An estimated 25% of American adults and nearly 10% of children suffer from a mental illness Nonetheless, there is often a stigma attached to mental illness, and often inaccurate portrayals of mental illness in the media.
People with mental illness and their families can take certain steps to help cope with the stigma:
You may have heard people call someone else a “psychopath” or a “sociopath.” But what do those words really mean?
You won’t find the definitions in mental health’s official handbook, the Diagnostic and Statistical Manual of Mental Disorders. Doctors don’t officially diagnose people as psychopaths or sociopaths. They use a different term instead: antisocial personality disorder.
Most experts believe psychopaths and sociopaths share a similar set of traits. People like this have a poor inner sense...
Remembering that you and your loved ones have choices: You can decide whom to tell about the mental illness -- just as you can with any other personal or private information -- and what to tell them.
Remembering that you are not alone: Many other people cope with similar situations. People commonly struggle with depression, anxiety, substance abuse, and other mental illnesses.
Keeping hope and remembering that treatment works: Safe and effective medications and psychotherapeutic treatments are available, and newer treatments are being developed. As a result, many individuals with mental illness enjoy productive lives.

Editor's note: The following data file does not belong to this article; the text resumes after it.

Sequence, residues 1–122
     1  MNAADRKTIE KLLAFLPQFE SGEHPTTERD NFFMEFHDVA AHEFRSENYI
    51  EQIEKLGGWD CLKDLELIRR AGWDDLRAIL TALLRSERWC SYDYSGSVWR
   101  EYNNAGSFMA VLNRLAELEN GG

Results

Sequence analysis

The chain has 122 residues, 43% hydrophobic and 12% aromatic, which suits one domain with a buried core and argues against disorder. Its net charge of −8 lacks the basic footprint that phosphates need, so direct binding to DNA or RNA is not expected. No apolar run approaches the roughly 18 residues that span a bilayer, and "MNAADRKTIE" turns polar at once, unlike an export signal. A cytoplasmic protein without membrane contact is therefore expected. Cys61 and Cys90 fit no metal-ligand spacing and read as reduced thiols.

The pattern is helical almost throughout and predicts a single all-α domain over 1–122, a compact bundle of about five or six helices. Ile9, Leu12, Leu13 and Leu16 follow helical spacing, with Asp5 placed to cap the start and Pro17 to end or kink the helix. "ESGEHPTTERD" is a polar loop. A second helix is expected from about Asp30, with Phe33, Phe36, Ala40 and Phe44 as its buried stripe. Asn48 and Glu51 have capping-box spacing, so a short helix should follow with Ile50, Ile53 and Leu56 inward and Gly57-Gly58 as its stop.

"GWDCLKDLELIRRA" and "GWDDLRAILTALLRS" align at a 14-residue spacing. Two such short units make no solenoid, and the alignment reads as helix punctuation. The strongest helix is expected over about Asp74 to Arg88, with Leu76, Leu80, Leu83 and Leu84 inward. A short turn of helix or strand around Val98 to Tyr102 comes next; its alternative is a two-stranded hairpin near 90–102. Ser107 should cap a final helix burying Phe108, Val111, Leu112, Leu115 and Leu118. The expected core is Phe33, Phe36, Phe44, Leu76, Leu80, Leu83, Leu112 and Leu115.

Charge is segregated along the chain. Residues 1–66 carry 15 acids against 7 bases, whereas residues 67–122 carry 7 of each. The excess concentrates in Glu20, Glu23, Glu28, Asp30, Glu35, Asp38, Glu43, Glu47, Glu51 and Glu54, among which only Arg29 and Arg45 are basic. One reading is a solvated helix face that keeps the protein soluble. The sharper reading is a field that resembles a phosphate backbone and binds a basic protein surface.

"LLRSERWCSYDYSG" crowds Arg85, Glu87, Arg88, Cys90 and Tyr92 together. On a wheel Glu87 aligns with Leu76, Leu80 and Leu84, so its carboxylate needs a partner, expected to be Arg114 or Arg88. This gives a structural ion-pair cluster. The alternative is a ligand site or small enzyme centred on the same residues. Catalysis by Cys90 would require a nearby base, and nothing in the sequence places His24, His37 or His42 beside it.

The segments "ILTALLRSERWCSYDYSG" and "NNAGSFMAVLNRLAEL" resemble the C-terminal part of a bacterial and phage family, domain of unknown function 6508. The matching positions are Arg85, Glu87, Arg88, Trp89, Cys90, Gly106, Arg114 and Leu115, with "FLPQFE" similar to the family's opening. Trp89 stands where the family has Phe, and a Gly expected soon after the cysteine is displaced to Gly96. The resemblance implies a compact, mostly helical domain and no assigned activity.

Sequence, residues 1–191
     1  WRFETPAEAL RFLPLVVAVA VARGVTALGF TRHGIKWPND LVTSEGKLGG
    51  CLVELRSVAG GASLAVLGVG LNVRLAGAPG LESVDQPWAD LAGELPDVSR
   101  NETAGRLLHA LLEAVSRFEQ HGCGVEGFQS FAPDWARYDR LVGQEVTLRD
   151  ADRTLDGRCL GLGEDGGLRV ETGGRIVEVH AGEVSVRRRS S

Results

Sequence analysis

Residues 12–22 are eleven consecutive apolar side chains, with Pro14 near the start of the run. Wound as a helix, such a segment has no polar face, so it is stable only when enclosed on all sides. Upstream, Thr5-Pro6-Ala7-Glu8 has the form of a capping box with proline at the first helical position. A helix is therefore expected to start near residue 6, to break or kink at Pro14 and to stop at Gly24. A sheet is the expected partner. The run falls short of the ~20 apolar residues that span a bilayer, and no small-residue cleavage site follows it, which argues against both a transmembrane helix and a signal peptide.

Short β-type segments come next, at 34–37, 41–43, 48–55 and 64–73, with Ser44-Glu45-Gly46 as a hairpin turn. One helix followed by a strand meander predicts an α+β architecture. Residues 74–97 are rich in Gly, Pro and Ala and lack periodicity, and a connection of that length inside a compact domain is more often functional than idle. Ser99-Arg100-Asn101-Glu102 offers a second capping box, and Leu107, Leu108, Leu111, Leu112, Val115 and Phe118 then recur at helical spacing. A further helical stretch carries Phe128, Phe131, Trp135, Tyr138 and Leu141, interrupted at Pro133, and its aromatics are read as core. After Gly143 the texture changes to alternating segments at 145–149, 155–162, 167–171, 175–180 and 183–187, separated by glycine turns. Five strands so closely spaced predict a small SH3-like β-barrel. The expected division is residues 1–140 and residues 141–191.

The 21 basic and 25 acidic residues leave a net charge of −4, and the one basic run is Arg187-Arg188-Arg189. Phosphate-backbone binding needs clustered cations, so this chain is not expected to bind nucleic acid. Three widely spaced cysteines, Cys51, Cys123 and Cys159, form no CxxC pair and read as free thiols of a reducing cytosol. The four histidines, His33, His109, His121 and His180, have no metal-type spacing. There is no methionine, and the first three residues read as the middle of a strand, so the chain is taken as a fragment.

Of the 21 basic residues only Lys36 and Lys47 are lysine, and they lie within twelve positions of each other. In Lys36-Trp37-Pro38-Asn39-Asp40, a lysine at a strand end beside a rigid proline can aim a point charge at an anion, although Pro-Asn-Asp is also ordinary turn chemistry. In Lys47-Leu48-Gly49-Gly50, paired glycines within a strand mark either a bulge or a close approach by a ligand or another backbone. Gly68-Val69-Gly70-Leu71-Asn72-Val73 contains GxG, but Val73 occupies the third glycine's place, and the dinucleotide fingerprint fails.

Praising your loved one for seeking help: Mental health treatment can be difficult, as people often need to be patient in trying new medications, coping with side effects, and learning new behaviors. Helping your loved one to feel good about him or herself is important.
Remaining active and surrounding yourself with supportive people: Social isolation can be a negative side effect of the stigma linked to mental illness. Isolation and ceasing to participate in activities you or your loved one enjoys put you at high risk for depression and burnout. Take a risk and try new activities in your community. You may want to investigate the local chapter of NAMI (National Alliance on Mental Illness) or a volunteer organization.